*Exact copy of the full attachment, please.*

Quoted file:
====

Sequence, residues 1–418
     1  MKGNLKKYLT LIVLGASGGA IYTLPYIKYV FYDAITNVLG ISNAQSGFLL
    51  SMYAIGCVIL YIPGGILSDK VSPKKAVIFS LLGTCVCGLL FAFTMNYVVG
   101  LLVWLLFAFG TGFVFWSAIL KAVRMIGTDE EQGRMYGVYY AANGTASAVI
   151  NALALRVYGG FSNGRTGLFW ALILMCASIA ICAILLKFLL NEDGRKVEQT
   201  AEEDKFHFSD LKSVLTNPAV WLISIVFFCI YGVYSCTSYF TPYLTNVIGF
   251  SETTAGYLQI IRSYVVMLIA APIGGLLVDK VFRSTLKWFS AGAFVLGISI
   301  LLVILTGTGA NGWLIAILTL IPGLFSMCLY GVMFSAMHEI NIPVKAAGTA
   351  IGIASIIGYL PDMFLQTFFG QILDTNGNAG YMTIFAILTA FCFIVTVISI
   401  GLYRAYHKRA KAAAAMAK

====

Sequence, residues 1–418
     1  MKGNLKKYLT LIVLGASGGA IYTLPYIKYV FYDAITNVLG ISNAQSGFLL
    51  SMYAIGCVIL YIPGGILSDK VSPKKAVIFS LLGTCVCGLL FAFTMNYVVG
   101  LLVWLLFAFG TGFVFWSAIL KAVRMIGTDE EQGRMYGVYY AANGTASAVI
   151  NALALRVYGG FSNGRTGLFW ALILMCASIA ICAILLKFLL NEDGRKVEQT
   201  AEEDKFHFSD LKSVLTNPAV WLISIVFFCI YGVYSCTSYF TPYLTNVIGF
   251  SETTAGYLQI IRSYVVMLIA APIGGLLVDK VFRSTLKWFS AGAFVLGISI
   301  LLVILTGTGA NGWLIAILTL IPGLFSMCLY GVMFSAMHEI NIPVKAAGTA
   351  IGIASIIGYL PDMFLQTFFG QILDTNGNAG YMTIFAILTA FCFIVTVISI
   401  GLYRAYHKRA KAAAAMAK